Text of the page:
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Michel Magnien Gevrey Chambertin Premier Cru Les Cazetiers 2014

Pinot Noir from Gevrey-Chambertin, Cote de Nuits, Cote d'Or, Burgundy, France
  • V92
  • BH92
13% ABV
  • BH93
  • RP90
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13% ABV

Winemaker Notes

This Premier Cru is floral, fruity and peppered with roasted and slight animal notes. The complexity of the wine is illustrated by the elegance and finesse on the palate, with lovely noble tannins.

This Gevrey should be paired with fine dishes such as duck breast with blackcurrants or a sautéed rabbit in prunes.

Critical Acclaim

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V 92
Vinous
Healthy medium red. Reticent aromas of boysenberry, licorice, violet and spices. Then more savory than sweet on the palate, boasting excellent concentration to its flavors of redcurrant, darker berries and dried flowers. More pliant today than the Chambolle-Musigny Sentiers, finishing with suaver tannins and lovely length. A note of ripe cherry emerged on the back end.
BH 92
Burghound.com
A more deeply pitched nose grudgingly liberates notes of essence of black cherry along with more prominent hints of game, earth and underbrush. The sleekly muscular middle weight plus flavors also exhibit plenty of minerality on the focused, powerful, austere and firmly structured finish. This is going to require at least 8 year or so of bottle age to become more civilized.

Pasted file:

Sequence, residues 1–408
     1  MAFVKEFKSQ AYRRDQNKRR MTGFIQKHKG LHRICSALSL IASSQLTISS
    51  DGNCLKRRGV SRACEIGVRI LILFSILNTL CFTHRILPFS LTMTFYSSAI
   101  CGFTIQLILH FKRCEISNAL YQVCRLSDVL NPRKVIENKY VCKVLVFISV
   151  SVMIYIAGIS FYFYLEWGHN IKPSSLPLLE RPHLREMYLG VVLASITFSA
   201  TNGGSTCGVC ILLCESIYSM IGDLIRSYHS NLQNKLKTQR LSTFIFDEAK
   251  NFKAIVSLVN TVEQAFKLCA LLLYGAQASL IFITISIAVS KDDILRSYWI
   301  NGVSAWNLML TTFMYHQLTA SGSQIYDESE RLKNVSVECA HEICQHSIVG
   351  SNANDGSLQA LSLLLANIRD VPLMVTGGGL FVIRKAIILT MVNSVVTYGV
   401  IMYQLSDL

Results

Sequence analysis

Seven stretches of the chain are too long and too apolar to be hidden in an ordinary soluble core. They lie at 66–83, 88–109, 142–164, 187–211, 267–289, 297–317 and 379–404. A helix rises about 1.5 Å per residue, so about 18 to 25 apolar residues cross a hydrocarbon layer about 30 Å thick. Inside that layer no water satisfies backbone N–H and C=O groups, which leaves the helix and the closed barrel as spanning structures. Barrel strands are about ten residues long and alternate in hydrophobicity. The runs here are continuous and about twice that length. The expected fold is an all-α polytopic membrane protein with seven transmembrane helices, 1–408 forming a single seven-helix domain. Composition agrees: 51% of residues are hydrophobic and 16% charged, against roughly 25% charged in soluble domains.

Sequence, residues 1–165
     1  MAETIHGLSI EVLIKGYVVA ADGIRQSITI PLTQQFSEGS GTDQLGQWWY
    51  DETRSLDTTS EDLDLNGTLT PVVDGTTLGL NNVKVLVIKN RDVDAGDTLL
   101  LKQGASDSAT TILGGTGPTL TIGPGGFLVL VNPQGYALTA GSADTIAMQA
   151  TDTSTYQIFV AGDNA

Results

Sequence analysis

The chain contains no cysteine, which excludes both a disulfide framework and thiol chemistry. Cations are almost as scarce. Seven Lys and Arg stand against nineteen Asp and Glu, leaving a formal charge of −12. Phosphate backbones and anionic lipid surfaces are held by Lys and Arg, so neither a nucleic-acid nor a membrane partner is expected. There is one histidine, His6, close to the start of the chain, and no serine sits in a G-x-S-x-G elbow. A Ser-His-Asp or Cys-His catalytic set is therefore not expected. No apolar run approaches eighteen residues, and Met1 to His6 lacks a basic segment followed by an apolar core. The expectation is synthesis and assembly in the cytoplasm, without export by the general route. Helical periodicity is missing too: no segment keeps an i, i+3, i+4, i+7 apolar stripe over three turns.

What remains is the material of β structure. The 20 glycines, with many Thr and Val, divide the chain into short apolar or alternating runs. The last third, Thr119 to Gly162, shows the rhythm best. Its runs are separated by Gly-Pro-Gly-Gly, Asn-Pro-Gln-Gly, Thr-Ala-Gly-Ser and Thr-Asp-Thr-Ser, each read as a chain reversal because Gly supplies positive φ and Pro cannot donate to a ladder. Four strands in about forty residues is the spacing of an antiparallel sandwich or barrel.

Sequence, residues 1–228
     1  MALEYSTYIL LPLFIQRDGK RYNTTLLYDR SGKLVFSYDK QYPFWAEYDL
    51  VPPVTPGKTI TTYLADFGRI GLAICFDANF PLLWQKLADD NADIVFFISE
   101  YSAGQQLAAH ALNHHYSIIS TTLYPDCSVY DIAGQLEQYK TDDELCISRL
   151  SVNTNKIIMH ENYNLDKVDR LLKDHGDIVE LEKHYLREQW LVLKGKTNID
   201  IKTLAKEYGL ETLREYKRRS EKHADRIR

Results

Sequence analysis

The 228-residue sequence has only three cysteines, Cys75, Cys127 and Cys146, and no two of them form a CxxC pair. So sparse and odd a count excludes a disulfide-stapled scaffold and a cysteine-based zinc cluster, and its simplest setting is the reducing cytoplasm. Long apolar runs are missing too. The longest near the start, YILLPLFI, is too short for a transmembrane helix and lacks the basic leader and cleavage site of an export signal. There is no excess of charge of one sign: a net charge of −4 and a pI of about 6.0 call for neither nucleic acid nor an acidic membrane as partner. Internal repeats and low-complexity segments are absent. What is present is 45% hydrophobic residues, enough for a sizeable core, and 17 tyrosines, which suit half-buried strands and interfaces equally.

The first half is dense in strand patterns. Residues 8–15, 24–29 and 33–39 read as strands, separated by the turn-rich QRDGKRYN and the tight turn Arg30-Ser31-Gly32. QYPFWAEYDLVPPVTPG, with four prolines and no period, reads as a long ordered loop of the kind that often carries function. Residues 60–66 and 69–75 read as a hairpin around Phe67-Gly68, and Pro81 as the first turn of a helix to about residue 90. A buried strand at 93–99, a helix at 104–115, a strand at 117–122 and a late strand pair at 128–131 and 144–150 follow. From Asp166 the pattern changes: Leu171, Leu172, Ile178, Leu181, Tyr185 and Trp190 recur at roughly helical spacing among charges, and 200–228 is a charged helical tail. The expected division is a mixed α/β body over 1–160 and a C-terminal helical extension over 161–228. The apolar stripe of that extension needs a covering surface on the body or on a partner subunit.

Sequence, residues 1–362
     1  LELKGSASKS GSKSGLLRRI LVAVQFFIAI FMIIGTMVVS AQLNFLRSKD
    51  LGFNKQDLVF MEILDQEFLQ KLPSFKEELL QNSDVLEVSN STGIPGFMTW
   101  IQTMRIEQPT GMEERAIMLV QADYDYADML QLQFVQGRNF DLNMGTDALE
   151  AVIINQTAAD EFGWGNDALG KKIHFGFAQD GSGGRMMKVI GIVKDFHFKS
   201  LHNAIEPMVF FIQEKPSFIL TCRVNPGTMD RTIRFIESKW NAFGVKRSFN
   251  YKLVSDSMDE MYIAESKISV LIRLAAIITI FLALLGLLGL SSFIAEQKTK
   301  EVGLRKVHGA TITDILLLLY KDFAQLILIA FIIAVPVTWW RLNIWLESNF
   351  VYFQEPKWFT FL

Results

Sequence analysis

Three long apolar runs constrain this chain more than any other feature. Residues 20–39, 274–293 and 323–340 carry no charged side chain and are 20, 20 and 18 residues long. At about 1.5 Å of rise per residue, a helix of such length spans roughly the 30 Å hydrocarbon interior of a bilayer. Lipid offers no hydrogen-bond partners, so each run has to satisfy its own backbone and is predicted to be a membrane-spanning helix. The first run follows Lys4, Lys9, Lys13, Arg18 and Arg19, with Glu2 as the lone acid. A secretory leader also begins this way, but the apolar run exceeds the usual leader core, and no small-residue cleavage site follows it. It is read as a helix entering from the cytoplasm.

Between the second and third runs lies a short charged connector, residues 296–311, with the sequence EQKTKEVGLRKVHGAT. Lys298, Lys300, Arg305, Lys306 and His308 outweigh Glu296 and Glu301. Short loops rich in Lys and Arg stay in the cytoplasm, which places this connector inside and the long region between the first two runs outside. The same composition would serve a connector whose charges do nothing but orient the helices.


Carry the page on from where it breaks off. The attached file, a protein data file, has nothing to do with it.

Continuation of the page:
Range: 90-92
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Michel Magnien

Michel Magnien

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Michel Magnien, Gevrey-Chambertin, Cote de Nuits, Cote d'Or, Burgundy, France
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Domaine Michel Magnien has evolved into a Burgundy producer of a singular style and philosophy from their cellars located in the village of Morey-Saint-Denis. Michel Magnien was born in 1946 and worked alongside his father Bernard from a young age. The Magniens sold their grapes to the local cooperative until 1993 when Michel's son Frederic joined the family business and persuaded his father to bottle the entire harvest by themselves. Frederic Magnien began experimenting with organic practices in the late 1990s and the entire production was certified biodynamic by Demeter in 2015. Frederic has also evolved the style of the wines and today elevage takes place in used oak and clay jars.

Gevrey-Chambertin

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This small village is home to the Grands Crus in the farthest northerly stretches of Côte de Nuits and is famous for some of the deepest and firmest Burgundian Pinot noir.

Gevrey boasts nine Grands Crus, the best of which are arguably Le Chambertin and Chambertin-Clos de Bèze. As with all of the fragmented vineyards of Burgundy, it isn’t easy to differentiate between the two, which are situated adjacent with Clos de Bèze slightly further up the hill than Le Chambertin. Clos de Bèze has a shallower soil and if you’re really counting, may produce wines less intense but more likely to charm. Some compare Le Chambertin in both power and plentitude only to the prized Romanée-Conti Grand Cru farther south in Vosne-Romanée.